UK based football team Liverpool FC
spent time in South Africa, coaching
• Nicole Johnston
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Excitement swept through football-loving communities in South Africa recently when members of UK’s well-known Liverpool FC stopped off at a few sports grounds to give coaching and wellness workshops.
“We want to spread our Truth 4 Youth messages,” said Liverpool head of community coach Bill Bygroves, referring to the team’s strategy of using football to teach youngsters how to lead responsible and healthy lives.
“The messages we use to teach are: show racism the red card, give bullying the boot, kick drugs into touch, shoot goals not guns, we is better than me, before you please think disease, health is wealth, knives are for eating not for fighting, more important than being a good footballer is being a good person, and you’ll never walk alone.”
Bygroves was joined by four other Liverpool coaches. Some of them, like Michael Yates, are also former players for the team. “I’ve played with some of the greats, such as Michael Owen and Steven Gerrard,” said Yates, who became a junior Liverpool player at age eight.
I was lucky enough to follow the UK delegation on its third and fourth day in South Africa, as it passed through Soweto and Randfontein, situated south and west of Johannesburg.
My first stop was Meadowlands Zone 5 in Soweto, where I saw boys and girls dashing to the nearby stadium after school on Friday afternoon. With football boots in hand, they practised their best moves along the way and, once at the grounds, quickly changed into their kit and started warming up. They were clearly keen to make a good impression as they waited for the Liverpool stars to arrive.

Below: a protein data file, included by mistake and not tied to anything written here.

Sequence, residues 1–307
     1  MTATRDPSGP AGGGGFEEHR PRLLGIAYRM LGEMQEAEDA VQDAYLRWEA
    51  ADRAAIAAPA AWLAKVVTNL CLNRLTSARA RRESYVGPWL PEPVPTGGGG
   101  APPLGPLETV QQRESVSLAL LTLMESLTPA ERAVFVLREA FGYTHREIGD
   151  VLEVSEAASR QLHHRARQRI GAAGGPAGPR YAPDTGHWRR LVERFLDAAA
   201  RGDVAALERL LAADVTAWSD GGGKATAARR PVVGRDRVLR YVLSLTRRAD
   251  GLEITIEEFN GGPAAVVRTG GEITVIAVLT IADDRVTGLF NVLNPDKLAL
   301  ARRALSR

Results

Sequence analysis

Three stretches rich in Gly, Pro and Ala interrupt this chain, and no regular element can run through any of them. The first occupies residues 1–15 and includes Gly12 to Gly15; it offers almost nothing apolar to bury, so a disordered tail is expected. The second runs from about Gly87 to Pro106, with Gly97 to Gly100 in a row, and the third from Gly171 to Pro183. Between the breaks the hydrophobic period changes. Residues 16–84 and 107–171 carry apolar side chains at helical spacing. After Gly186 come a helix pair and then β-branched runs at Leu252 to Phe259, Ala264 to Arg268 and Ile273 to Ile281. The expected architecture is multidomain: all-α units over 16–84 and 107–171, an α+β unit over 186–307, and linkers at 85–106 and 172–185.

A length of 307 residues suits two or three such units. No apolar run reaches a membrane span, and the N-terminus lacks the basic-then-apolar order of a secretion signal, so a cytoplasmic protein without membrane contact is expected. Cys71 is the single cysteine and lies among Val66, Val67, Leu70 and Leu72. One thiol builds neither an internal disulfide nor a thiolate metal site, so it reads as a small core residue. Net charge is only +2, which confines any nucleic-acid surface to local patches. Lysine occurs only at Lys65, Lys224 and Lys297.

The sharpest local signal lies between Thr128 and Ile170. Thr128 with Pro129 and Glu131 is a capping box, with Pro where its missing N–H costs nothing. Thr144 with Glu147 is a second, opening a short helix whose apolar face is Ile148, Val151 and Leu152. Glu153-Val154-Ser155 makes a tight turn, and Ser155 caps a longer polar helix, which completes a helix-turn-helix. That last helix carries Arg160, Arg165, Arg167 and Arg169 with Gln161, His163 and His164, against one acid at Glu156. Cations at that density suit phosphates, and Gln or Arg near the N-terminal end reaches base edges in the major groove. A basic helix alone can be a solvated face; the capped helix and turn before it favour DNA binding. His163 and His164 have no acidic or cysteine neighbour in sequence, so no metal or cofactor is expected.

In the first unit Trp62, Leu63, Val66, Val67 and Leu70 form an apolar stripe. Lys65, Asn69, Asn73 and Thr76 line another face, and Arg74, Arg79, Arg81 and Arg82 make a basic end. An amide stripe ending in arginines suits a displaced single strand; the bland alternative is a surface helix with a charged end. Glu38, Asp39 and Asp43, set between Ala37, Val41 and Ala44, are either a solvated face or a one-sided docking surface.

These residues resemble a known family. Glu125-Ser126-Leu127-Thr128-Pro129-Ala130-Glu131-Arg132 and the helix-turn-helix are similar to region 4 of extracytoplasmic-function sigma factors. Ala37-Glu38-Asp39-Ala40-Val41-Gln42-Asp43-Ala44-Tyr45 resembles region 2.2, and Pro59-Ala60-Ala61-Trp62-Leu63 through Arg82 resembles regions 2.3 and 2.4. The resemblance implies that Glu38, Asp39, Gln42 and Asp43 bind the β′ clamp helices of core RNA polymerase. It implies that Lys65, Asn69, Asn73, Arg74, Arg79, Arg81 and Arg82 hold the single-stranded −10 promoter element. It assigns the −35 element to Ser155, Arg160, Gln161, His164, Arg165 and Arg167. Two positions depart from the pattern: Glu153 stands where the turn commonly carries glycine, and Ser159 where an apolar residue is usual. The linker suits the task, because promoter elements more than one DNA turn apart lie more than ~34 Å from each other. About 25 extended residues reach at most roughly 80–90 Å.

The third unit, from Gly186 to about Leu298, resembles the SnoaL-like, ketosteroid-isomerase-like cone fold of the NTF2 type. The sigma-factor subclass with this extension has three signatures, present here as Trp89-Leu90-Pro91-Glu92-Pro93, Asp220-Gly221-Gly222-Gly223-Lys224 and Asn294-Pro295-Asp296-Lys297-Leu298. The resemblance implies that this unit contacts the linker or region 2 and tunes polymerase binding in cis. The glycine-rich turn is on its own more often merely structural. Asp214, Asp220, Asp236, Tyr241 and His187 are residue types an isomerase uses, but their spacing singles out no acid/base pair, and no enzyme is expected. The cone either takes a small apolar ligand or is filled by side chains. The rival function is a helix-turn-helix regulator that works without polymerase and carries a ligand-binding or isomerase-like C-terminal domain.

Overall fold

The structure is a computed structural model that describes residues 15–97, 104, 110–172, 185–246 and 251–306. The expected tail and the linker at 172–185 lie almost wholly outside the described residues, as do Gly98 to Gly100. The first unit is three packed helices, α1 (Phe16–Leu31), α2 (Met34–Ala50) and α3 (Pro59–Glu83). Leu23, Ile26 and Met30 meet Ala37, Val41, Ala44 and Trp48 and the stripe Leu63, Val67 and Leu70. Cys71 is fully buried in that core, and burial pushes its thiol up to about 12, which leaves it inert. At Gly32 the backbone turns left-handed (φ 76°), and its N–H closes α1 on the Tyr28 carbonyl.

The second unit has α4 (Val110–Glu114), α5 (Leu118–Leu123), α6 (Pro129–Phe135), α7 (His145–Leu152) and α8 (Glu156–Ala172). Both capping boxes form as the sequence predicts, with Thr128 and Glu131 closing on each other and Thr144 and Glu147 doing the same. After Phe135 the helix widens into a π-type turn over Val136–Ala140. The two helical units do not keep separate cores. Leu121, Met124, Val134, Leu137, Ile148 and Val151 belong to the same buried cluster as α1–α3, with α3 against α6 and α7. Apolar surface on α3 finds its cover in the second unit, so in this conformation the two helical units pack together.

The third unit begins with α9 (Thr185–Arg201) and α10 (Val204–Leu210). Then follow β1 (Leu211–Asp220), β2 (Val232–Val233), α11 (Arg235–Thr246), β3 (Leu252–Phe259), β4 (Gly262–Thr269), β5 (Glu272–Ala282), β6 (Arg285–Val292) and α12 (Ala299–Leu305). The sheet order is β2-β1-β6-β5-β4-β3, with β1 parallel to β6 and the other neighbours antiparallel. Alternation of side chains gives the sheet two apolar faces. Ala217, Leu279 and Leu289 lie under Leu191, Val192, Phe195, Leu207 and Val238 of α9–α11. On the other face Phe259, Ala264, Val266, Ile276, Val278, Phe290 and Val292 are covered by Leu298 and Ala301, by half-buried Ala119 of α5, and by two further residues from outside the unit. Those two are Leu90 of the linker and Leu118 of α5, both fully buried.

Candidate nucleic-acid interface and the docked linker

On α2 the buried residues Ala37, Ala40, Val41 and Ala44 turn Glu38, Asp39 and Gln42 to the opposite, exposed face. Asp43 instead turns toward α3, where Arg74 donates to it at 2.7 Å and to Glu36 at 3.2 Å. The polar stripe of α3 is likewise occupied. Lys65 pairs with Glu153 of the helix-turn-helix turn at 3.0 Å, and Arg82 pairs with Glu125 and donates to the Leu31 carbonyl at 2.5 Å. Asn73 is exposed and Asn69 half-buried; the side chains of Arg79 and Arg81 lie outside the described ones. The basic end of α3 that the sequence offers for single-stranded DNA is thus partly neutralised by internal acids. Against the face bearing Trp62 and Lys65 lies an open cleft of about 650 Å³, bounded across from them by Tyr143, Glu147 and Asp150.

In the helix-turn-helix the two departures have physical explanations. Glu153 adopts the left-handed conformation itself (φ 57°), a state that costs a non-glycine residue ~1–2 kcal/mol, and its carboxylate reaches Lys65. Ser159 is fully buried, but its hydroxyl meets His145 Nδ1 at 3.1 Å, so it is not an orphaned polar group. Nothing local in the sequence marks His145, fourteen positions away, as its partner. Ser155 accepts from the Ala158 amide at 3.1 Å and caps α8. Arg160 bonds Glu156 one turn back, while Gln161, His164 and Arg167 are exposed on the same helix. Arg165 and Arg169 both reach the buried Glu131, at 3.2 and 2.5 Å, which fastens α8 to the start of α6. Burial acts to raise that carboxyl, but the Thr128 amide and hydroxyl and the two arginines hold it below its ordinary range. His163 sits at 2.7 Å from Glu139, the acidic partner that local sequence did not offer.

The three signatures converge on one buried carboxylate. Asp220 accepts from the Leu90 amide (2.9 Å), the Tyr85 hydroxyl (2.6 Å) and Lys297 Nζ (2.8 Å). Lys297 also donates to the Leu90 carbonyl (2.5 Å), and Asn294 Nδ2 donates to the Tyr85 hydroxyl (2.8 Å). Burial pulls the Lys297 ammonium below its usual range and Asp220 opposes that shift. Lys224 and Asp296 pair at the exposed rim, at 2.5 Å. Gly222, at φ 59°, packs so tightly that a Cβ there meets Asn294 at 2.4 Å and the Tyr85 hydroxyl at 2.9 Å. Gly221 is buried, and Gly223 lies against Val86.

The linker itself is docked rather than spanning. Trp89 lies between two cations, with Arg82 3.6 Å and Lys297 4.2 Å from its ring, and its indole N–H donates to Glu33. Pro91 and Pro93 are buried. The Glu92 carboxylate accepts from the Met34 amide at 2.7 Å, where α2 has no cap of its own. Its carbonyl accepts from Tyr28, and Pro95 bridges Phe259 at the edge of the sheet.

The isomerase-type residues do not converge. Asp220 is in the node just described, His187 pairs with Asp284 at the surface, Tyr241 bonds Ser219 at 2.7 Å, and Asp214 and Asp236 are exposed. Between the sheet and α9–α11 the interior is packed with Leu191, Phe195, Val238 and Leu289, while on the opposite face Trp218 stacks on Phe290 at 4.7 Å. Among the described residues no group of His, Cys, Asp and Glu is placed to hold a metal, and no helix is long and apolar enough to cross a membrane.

The Soweto Ladies Football Club was also there, eagerly anticipating the workshop. Coach Fikile Sithole gathered her team members and gave them a quick talk: “Remember to be disciplined. Take this opportunity to learn and share your skills and your experiences with Liverpool. They are here to learn from you as much as you are here today to learn from them.”
Sithole is a former captain of South Africa’s national women’s football squad, which is nicknamed Banyana Banyana, meaning “the girls”.
Her sporting career includes playing for Liverpool’s local development team at the tender age of 10, and playing for Swedish women’s club Oxaback Marc IF. But “I returned to South Africa to start rebuilding the Soweto ladies club, which was dying. There were only seven players left,” Sithole said.
With the help of fellow coach Colleen Hans, manager Oupa Thebe and public relations officer Thanda Dlamini, she has now grown it into a squad of 32 players.
Turning to her players, Sithole announced: “Liverpool is a few minutes away!” Shouts of joy and anticipation rung through the modest arena.
After introducing themselves to the Meadowlands group, the coaches split players into different categories. Yates took a group of 10 girls and taught them different techniques, like how to control and protect the ball while also looking out for opponents. The participants listened attentively and practised each move carefully after the demonstration.
“We are very honoured to have the team here – it’s a once-in-a-lifetime opportunity to be trained by great coaches,” said Khethiwe Mlangeni from the Soweto Ladies Football Club. “We’ve wanted such an opportunity for a long time, so were grabbing it with both hands.”
Yates said they were humbled by the overwhelming response from the players they worked with. “The children have been really enthusiastic and very receptive. Their skills are really good, and I was really impressed by the girl’s technical skills.”